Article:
The new execution engine should support all Hive queries without any modification. Query results should be functionally equivalent to those from either MapReduce or Tez. In addition, existing functionality related to the execution engine should also be available, including the following:

  • Hive will display a task execution plan that’s similar to that being displayed by the explain command for MapReduce and Tez.     
  • Hive will give appropriate feedback to the user about progress and completion status of the query when running queries on Spark.
  • The user will be able to get statistics and diagnostic information as before (counters, logs, and debug info on the console).
Hive-Level Design

As noted previously, this project takes a different approach from that of Shark in that SQL semantics will be not implemented using Spark’s primitives, but rather MapReduce ones that will be executed in Spark.

The main work to implement the Spark execution engine for Hive has two components: query planning, where Hive operator plan from semantic analyzer is further translated a task plan that Spark can execute; and query execution, where the generated Spark plan is executed in the Spark cluster. There are other miscellaneous yet indispensable functional pieces involving monitoring, counters, statistics, and so on, but for brevity, we will only address the main design considerations here.

Query Planning

Currently, for a given user query, Hive’s semantic analyzer generates an operator plan that comprises a graph of logical operators such as TableScanOperator, ReduceSink, FileSink, GroupByOperator, and so on. MapReduceCompiler compiles a graph of MapReduceTasks and other helper tasks (such as MoveTask) from the logical operator plan. Tez behaves similarly, yet generates a TezTask that combines otherwise multiple MapReduce tasks into a single Tez task.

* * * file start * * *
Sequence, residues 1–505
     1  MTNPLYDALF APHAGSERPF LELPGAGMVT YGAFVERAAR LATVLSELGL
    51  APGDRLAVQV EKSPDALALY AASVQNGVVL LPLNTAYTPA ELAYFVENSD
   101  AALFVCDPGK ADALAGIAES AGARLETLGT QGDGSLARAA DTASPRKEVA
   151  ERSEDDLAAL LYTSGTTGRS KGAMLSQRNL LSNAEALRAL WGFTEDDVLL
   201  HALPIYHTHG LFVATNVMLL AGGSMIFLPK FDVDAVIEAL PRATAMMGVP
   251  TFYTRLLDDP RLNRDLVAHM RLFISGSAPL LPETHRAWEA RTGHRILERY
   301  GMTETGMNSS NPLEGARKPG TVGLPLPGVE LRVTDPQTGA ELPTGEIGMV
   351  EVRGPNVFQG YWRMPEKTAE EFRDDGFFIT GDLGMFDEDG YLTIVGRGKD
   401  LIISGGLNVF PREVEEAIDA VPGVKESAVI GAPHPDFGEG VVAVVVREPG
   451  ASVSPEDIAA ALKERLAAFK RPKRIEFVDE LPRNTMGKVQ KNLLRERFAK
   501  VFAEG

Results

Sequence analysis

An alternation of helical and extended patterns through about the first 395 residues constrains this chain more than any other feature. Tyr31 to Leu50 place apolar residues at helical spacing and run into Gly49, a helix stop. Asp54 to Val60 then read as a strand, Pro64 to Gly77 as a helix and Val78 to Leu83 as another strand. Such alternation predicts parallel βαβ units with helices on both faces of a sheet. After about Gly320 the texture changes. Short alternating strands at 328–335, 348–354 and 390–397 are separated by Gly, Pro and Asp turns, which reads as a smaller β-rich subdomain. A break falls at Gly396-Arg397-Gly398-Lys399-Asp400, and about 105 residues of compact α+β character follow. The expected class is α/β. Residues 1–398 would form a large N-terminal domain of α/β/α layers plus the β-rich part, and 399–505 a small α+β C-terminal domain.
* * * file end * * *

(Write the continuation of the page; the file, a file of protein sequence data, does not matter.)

For Spark, we will introduce SparkCompiler parallel to MapReduceCompiler and TezCompiler. Its main responsibility is to compile from the Hive logical operator plan a plan that can be executed on Spark. Thus, we will have SparkTask, depicting a job that will be executed in a Spark cluster, and SparkWork, describing the plan of a Spark task. Thus, SparkCompiler translates a Hive’s operator plan into a SparkWork instance. During the task plan generation, SparkCompiler may also perform physical optimizations suitable for Spark.   

Job Execution

A SparkTask instance can be executed by Hive’s task execution framework in the same way as for other tasks. Internally, the SparkTask.execute() method will make RDDs and functions out of a SparkWork instance, and submit the execution to the Spark cluster via a Spark client.

Once the Spark work is submitted to the Spark cluster, the Spark client will continue to monitor the job execution and report progress. A Spark job can be monitored via SparkListener APIs.

With SparkListener APIs, we will add a SparkJobMonitor class that handles printing of status as well as reporting the final result. This class provides similar functions as HadoopJobExecHelper used for MapReduce processing, or TezJobMonitor used for Tez job processing, and will also retrieve and print the top-level exception thrown at execution time in case of job failure.

Spark job submission is done via a SparkContext object that’s instantiated with the user’s configuration. When a SparkTask is executed by Hive, such a context object is created in the current user session. With the context object, RDDs corresponding to Hive tables are created and MapFunction and ReduceFunction (more details below) are built from Hive’s SparkWork and applied to the RDDs. Job execution is triggered by applying a foreach() transformation on the RDDs with a dummy function.

Main Design Considerations

Hive’s operator plan is based on MapReduce paradigm, and traditionally, a query’s execution contains a list of MapReduce jobs. Each MapReduce job consists of map-side processing starting from Hive’s ExecMapper and reduce-side processing starting from ExecReducer, and MapReduce provides inherent shuffling, sorting, and grouping between the map-side and the reduce-side. The input to the whole processing pipeline are the folders and files corresponding to the table.

Because we will reuse Hive’s operator plan but perform the same data processing in Spark, the execution plan will be built in Spark constructs such as RDD, function, and transformation. This approach is outlined below.

Table as RDD

A Hive table is simply a bunch of files and folders on HDFS. Spark primitives are applied to RDDs. Thus, naturally, Hive tables will be treated as RDDs in the Spark execution engine.


The above mentioned MapFunction will be made from MapWork; specifically, the operator chain starting from ExecMapper.map() method. ExecMapper class implements MapReduce Mapper interface, but the implementation in Hive contains some code that can be reused for Spark. Therefore, we will extract the common code into a separate class, MapperDriver, to be shared by MapReduce as well as Spark.